(b) Whenever in any criminal case prior to October 1, 1969, the accused, by a final judgment, was found not guilty of the charge or the charge was dismissed, all police and court records and records of the state's or prosecuting attorney or the prosecuting grand juror pertaining to such charge shall be erased by operation of law and the clerk or Upon the entry of such an erasure order, all references including arrest, complaint, referrals, petitions, reports and orders, shall be removed from all agency, official and institutional files. The persons in charge of such records shall not disclose to any person, except the subject of the record, upon submission of satisfactory proof of the subject's identity in accordance with guidelines prescribed by the Chief Court Administrator, information pertaining to the record so erased. provided nothing in this subsection shall prohibit the arrested person or any one of his heirs from filing a petition for erasure with the court granting such not guilty judgment or dismissal, or, where the matter had been before a municipal court, a trial justice, the Circuit Court or the Court of Common Pleas with the records center of the Judicial Department and thereupon all police and court records and records of the state's attorney, prosecuting attorney or prosecuting grand juror pertaining to such charge shall be erased. Nothing in this subsection shall require the erasure of any record pertaining to a charge for which the defendant was found not guilty by reason of mental disease or defect.

    (c) (1) Whenever any charge in a criminal case has been nolled in the Superior Court, or in the Court of Common Pleas, if at least thirteen months have elapsed since such nolle, all police and court records and records of the state's or prosecuting attorney or the prosecuting grand juror pertaining to such charge shall be erased, except that in cases of nolles entered in the Superior Court, Court of Common Pleas, Circuit Court, municipal court or by a justice of the peace prior to April 1, 1972, such records shall be deemed erased by operation of law and the clerk or the person charged with the retention and control of such records shall not disclose to anyone their existence or any information pertaining to any charge so erased, provided nothing in this subsection shall prohibit the arrested person or any one of his heirs from filing a petition to the court or to the records center of the Judicial Department, as the case may be, to have such records erased, in which case such records shall be erased.

    (2) Whenever any charge in a criminal case has been continued at the request of the prosecuting attorney, and a period of thirteen months has elapsed since the granting of such continuance during which period there has been no prosecution or other disposition of the matter, the charge shall be construed to have been nolled as of the date of termination of such thirteen-month period and such erasure may thereafter be effected or a petition filed therefor, as the case may be, as provided in this subsection for nolled cases.

    (d) (1) Whenever prior to October 1, 1974, any person who has been convicted of an offense in any court of this state has received an absolute pardon for such offense, such person or any one of his heirs may, at any time subsequent to such pardon, file a petition with the superior court at the location in which such conviction was effected, or with the superior court at the location having custody of the records of such conviction or with the records center of the Judicial Department if such conviction was in the Court of Common Pleas, Circuit Court, municipal court or by a trial justice court, for an order of erasure, and the Superior Court or records center of the Judicial Department shall direct all police and court records and records of the state's or prosecuting attorney pertaining to such case to be erased.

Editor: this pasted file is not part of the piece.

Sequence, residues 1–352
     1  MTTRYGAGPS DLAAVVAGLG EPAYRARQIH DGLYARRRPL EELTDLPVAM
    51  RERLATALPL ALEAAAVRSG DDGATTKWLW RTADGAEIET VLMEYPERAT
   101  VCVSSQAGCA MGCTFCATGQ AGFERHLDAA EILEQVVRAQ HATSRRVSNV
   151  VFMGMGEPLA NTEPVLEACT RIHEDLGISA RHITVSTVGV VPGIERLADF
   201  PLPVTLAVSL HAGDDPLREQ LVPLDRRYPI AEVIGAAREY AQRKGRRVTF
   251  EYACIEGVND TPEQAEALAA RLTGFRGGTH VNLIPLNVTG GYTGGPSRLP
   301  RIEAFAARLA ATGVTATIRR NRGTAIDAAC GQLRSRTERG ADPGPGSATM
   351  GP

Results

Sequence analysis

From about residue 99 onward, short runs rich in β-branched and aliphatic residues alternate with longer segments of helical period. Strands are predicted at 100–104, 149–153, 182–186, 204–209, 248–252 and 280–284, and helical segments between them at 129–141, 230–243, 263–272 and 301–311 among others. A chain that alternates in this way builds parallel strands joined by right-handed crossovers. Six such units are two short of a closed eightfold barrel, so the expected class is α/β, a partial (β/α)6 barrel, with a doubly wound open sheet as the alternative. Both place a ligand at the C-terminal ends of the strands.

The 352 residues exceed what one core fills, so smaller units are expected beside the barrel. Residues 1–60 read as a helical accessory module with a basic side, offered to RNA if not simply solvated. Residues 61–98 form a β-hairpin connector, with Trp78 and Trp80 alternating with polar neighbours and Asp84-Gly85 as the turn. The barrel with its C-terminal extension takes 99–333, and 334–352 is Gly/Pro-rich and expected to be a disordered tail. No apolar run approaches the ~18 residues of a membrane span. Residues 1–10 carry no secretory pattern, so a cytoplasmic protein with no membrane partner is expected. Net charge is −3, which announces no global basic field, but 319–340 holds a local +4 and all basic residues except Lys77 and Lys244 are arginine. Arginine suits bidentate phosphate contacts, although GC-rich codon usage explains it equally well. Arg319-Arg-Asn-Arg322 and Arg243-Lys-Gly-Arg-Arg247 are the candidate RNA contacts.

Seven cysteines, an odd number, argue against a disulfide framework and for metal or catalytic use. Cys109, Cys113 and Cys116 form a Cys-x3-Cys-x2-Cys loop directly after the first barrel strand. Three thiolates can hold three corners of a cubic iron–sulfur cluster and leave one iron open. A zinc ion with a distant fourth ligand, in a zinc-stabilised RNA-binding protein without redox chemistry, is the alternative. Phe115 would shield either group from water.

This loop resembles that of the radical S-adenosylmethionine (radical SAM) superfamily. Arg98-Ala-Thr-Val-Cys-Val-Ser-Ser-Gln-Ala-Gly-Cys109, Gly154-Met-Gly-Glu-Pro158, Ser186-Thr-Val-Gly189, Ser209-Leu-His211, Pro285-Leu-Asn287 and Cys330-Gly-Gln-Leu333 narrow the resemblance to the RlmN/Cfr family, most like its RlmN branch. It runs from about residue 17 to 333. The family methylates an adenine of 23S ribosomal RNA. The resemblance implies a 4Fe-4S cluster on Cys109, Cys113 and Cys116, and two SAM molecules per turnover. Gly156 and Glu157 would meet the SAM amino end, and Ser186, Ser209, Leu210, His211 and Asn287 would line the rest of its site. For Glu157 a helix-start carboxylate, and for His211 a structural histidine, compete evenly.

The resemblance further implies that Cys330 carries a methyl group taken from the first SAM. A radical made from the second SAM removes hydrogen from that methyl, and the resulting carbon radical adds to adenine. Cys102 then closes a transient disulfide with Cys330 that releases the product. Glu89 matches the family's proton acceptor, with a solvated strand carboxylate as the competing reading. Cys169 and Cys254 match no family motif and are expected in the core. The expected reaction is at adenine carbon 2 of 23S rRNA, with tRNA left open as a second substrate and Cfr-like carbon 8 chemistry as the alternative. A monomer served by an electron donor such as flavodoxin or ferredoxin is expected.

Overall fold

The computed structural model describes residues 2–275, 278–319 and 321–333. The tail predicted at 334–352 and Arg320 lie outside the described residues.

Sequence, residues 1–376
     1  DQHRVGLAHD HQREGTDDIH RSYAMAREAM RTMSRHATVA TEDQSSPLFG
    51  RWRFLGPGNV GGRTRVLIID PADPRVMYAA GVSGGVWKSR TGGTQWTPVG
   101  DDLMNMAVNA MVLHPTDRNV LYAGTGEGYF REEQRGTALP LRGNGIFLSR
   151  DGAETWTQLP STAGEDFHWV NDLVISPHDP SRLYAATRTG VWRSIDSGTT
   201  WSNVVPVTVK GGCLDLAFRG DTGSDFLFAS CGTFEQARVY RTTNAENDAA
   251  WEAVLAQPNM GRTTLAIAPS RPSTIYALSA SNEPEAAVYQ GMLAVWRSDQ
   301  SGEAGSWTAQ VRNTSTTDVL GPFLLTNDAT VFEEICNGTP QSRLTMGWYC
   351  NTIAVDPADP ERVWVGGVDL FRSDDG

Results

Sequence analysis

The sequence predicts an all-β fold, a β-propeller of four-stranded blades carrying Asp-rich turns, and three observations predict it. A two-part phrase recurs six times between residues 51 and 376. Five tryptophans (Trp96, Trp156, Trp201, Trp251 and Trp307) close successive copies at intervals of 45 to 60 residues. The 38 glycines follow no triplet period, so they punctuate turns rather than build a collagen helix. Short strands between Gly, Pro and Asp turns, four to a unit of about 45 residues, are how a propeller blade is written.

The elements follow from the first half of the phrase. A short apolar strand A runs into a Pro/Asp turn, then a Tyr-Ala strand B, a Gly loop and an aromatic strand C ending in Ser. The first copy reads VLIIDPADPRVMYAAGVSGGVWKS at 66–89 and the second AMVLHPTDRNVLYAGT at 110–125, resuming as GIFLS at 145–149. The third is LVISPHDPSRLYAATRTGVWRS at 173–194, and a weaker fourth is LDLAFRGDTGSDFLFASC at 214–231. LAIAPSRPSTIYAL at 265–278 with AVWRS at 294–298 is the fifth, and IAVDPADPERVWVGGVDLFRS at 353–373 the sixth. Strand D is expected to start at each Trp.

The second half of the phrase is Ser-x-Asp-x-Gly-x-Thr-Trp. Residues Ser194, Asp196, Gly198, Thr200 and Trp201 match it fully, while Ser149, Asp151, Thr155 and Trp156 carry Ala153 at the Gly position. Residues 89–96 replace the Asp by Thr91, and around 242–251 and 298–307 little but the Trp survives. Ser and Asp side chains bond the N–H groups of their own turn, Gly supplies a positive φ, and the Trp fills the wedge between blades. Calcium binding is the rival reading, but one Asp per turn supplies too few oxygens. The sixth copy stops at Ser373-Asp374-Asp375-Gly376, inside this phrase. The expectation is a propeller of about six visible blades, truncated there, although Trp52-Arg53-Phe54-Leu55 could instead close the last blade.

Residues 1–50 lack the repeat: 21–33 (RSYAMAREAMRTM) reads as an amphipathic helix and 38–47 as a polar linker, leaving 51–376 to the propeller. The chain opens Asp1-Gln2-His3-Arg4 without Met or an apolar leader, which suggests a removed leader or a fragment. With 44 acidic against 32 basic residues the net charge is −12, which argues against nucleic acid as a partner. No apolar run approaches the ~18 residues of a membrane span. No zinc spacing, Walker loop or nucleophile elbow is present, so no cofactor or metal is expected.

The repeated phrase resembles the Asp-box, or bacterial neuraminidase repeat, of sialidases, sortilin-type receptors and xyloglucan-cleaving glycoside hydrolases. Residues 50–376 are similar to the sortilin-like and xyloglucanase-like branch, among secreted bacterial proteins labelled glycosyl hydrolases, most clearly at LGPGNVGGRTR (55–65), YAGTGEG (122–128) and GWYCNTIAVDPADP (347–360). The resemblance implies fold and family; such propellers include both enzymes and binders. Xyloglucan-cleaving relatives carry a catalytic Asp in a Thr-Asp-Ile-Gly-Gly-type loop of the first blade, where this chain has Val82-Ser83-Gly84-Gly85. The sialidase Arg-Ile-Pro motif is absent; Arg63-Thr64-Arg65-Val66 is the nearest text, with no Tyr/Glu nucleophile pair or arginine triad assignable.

(2) Whenever such absolute pardon was received on or after October 1, 1974, such records shall be erased.

    (e) (1) The clerk of the court or any person charged with retention and control of such records in the records center of the Judicial Department or any law enforcement agency having information contained in such erased records shall not disclose to anyone, except the subject of the record, upon submission pursuant to guidelines prescribed by the Office of the Chief Court Administrator of satisfactory proof of the subject's identity, information pertaining to any charge erased under any provision of this section and such clerk or person charged with the retention and control of such records shall forward a notice of such erasure to any law enforcement agency to which he knows information concerning the arrest has been disseminated and such disseminated information shall be erased from the records of such law enforcement agency. Such clerk or such person, as the case may be, shall provide adequate security measures to safeguard against unauthorized access to or dissemination of such records or upon the request of the accused cause the actual physical destruction of such records, except that such clerk or such person shall not cause the actual physical destruction of such records until three years have elapsed from the date of the final disposition of the criminal case to which such records pertain.

    (2) No fee shall be charged in any court with respect to any petition under this section.